By Lewis H. Mates, Douglas J. Davies
The "Encyclopedia of Cremation" is the 1st significant reference source involved in cremation. Spanning many global cultures it files neighborhood histories, ideological activities and top contributors that fostered cremation while additionally offering cremation as a common perform. Tracing old and classical cremation websites, ancient and modern cremation strategies and methods of either clinical and felony type, the encyclopedia additionally contains sections on particular cremation rituals, structure, artwork and textual content. positive factors within the quantity contain: a basic creation and editorial introductions to sub-sections through Douglas Davies', a global expert in demise reviews; appendices of worldwide cremation records and a chronology of cremation; cross-referencing pathways in the course of the entries through the index; person access bibliographies; and illustrations. This significant overseas reference paintings can also be a vital resource e-book for college students at the becoming variety of death-studies classes and wider stories in faith, anthropology or sociology.
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Additional info for Encyclopedia of Cremation
The efficiency of cremation was generally high, with open pyres achieving temperatures commensurate with those of modern crematoria at 800–1000°C, and consequenty, most of the bone from the majority of burials from all periods is fully oxidized. Consistently less well oxidized bone has been observed in the Roman period, particularly amongst the poorer burials in some of the town cemeteries, which are also the locations where the only evidence of partial cremation has been found. Unlike in earlier and subsequent periods, and in the rural Roman cemeteries where the cremation was probably organized and carried out by relatives or designated individuals within the community, cremation in the towns is likely to have been undertaken by professionals (see Romans).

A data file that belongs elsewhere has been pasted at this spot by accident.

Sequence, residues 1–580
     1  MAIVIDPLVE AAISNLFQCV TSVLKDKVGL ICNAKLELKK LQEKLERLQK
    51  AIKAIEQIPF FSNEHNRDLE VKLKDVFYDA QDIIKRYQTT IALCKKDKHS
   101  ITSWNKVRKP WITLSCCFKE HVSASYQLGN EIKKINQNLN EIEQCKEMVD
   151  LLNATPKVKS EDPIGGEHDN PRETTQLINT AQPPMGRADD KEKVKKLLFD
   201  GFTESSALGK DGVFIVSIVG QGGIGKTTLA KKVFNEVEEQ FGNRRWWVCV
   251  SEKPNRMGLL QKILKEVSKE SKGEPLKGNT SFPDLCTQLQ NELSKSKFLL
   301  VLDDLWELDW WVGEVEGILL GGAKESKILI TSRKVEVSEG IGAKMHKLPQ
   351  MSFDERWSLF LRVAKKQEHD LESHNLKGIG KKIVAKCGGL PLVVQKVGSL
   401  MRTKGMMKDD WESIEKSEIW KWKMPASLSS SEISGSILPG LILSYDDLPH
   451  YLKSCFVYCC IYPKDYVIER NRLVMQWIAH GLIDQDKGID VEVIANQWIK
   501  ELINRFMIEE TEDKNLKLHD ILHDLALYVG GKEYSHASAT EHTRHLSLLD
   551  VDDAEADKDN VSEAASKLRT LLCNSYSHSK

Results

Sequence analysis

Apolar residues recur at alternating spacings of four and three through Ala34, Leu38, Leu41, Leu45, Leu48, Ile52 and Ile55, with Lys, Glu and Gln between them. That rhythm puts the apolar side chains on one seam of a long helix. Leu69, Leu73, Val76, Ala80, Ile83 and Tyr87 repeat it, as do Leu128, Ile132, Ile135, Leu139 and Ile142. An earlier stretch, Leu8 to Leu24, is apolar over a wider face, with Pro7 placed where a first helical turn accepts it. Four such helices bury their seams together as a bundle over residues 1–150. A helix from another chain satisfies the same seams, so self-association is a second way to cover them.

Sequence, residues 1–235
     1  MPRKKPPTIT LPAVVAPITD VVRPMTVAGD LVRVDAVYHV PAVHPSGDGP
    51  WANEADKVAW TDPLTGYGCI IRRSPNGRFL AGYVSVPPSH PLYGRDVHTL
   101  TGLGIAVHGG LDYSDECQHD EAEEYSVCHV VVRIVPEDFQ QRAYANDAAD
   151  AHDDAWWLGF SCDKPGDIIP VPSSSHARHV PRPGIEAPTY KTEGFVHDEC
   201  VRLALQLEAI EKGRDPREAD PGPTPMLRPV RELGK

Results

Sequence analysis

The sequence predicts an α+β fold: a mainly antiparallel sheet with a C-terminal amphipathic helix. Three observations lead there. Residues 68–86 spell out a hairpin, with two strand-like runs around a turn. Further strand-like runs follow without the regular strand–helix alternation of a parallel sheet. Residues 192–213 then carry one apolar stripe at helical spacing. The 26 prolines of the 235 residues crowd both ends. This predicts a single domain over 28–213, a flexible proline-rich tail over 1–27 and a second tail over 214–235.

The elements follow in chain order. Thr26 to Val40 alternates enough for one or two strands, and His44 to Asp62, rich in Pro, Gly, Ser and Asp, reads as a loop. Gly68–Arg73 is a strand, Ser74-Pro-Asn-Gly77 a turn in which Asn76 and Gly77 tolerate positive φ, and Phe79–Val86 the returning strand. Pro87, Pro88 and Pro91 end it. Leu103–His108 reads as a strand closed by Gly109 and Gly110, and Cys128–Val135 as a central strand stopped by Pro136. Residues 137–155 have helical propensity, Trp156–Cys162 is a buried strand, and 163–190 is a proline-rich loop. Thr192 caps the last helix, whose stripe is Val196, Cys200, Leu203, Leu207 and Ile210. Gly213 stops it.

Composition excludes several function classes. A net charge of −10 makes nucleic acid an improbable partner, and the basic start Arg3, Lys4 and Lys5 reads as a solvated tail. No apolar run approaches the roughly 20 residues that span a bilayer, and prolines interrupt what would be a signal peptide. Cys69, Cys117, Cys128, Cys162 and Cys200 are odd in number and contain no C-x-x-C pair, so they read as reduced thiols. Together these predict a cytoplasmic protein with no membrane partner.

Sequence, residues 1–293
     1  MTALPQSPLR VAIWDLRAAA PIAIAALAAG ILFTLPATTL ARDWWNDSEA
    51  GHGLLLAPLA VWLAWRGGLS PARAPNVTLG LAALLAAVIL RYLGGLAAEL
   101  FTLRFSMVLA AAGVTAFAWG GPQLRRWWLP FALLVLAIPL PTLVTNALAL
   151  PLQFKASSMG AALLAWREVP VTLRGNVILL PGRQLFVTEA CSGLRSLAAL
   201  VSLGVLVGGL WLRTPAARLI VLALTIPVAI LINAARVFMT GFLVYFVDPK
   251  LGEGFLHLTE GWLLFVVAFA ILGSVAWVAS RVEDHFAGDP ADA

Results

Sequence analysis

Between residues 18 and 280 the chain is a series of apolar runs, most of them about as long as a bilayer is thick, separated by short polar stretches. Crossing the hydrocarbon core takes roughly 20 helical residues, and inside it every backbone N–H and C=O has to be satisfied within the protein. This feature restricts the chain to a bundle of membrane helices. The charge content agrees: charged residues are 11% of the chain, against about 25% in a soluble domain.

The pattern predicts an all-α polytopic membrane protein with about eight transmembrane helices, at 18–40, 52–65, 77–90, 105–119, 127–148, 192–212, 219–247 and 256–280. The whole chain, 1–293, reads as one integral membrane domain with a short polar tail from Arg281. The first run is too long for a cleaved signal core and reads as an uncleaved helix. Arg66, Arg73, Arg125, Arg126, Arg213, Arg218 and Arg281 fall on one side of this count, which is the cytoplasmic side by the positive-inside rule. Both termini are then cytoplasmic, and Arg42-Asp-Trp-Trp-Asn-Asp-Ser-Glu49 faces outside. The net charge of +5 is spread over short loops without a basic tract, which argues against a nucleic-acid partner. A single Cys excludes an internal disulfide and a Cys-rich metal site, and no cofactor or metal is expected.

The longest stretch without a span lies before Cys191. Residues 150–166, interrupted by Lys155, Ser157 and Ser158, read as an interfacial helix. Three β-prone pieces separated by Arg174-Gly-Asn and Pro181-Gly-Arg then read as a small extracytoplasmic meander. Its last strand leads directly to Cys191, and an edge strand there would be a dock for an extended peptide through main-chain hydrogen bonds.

Nevertheless, inurned cremations are most common although they are found only very rarely at Lefkandi, where in some cases burials were left on the pyre and in others a token amount of the cremated bones was put in a pit or cist, with unburnt gravegoods. 1000–950 BC), while horse sacrifices were placed in an adjoining pit. This represents the nearest that reality is likely to come to the burial of Patroclus described in the Iliad, Book 23. The history of cremation in Greece after approximately 700 BCE shows that many of the communities that had practised it more or less throughout the Early Iron Age continued to do so; but it did not spread to new regions, although it appeared in some colonies, and practice continued to vary.
It was quite common for goods to be burnt with the body on the pyre, but they might also be placed, unburnt, within the grave. Cremations were normally single, but the remains of two individuals can sometimes be found in the same container (Musgrave, 1990: 285). Second, in the early stages, cremations were frequently found in multiple-burial tombs or in cemeteries of single burials, alongside inhumations, with the preferences for various sites changing markedly over time and those fluctuations being particularly notable at Athens.